• Starting can be hard. You will be tempted not to do it on some days. Do your best to stick with it. If you miss one day, make sure to take it up again in the following days. It is said that it takes from two to eight months to form a habit (How long does it take to form a new habit? James Clear) so keep at it as much as you can.
  • Some people read what they wrote at the end of the week and take note of what they have learned about themselves so far. You can choose to do this weekly, monthly, or not at all. However, it is important to note that you will gain more insight about yourself and your language skills if you re-read your entries at some point.

 
Sources: How to keep a journal to speed up your language learning, Sophia Anderson, linguasorb; Journal writing: 5 smart reasons why you should start doing it today, Ericson Ay Mires, Lifehack; Keeping a daily journal could change your life, Benjamin Hardy, Mission.org; and The life-changing habit of journaling, Thomas Oppong, Thrive Global. Accessed April 11, 2019.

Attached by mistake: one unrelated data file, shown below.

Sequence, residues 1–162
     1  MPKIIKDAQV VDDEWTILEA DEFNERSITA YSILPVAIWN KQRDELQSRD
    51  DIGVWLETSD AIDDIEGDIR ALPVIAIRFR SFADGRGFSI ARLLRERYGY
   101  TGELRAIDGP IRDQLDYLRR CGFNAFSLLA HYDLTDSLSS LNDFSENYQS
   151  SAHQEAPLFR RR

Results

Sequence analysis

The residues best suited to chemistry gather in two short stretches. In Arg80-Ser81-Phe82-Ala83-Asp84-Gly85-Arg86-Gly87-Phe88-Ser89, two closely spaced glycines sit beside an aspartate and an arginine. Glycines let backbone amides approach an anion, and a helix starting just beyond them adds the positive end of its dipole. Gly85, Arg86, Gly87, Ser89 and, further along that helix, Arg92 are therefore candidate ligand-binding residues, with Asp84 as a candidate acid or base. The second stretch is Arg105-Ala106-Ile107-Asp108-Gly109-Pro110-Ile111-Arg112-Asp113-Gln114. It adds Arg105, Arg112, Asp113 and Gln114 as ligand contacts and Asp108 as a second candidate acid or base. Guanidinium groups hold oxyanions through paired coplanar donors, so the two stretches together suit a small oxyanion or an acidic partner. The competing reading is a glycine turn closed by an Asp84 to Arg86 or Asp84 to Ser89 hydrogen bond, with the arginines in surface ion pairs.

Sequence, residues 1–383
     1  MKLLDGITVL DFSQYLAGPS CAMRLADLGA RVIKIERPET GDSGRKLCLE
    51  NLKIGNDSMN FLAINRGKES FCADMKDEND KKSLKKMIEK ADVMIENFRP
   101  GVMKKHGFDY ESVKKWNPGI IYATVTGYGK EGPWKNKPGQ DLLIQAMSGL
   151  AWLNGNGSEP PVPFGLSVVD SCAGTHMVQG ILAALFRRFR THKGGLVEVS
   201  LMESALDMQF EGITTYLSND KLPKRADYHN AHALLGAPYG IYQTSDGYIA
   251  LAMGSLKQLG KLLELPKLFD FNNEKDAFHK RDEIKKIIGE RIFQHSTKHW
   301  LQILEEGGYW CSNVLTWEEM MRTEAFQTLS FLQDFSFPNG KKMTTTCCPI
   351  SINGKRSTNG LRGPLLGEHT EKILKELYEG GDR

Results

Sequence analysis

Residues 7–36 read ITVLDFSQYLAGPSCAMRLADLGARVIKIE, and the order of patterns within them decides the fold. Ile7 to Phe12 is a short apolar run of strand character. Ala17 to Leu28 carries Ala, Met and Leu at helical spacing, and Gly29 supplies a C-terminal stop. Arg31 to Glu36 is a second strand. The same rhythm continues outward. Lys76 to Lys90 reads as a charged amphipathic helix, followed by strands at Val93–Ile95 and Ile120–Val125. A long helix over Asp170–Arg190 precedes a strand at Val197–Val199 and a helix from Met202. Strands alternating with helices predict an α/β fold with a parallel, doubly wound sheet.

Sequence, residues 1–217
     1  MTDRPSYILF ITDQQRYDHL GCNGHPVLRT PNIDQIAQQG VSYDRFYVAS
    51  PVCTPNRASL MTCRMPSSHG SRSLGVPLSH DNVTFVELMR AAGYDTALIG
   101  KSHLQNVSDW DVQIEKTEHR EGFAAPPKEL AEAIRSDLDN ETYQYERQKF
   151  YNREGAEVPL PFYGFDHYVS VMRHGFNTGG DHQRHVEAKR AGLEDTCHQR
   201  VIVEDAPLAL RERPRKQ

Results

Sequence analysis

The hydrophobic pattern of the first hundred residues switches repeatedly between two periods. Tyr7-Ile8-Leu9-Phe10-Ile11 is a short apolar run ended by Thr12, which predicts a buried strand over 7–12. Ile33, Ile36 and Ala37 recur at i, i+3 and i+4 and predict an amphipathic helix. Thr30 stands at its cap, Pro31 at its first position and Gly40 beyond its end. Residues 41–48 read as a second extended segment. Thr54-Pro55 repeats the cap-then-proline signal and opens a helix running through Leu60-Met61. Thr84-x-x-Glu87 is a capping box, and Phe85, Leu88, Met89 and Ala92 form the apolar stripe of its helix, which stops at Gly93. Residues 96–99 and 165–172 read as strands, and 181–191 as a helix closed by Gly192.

Back to top

We'd love to hear from you!

Please login to tell us what you think.

Related Learning Activities

Language Circle: Water On The Enoch Reserve

2 chat bubbles with maple leaves in them

Actions & Behaviors Idioms Set 1

Article thumbnail fallback

Actions & Behaviors Idioms Set from English Online Inc.

Remembrance Day Idioms

Fireworks in a dark sky.

November 11th is Remembrance Day in Canada. Learn more about various Canadian holidays here. Now, study the infographic below. Do you… Read more »

Language Circle: The Trans Mountain Pipeline

Back to top

CC BY-NC-SAText of this page is licensed under CC BY-NC-SA, unless otherwise marked. Please attribute to English Online Inc. and link back to this page where possible. For images and videos, check the source for licensing information.